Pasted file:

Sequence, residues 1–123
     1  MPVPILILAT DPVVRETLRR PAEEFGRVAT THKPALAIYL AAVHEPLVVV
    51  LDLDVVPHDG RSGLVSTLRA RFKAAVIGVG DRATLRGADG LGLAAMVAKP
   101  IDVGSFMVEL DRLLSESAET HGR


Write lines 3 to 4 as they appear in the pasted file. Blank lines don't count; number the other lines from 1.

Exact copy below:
    51  LDLDVVPHDG RSGLVSTLRA RFKAAVIGVG DRATLRGADG LGLAAMVAKP
   101  IDVGSFMVEL DRLLSESAET HGR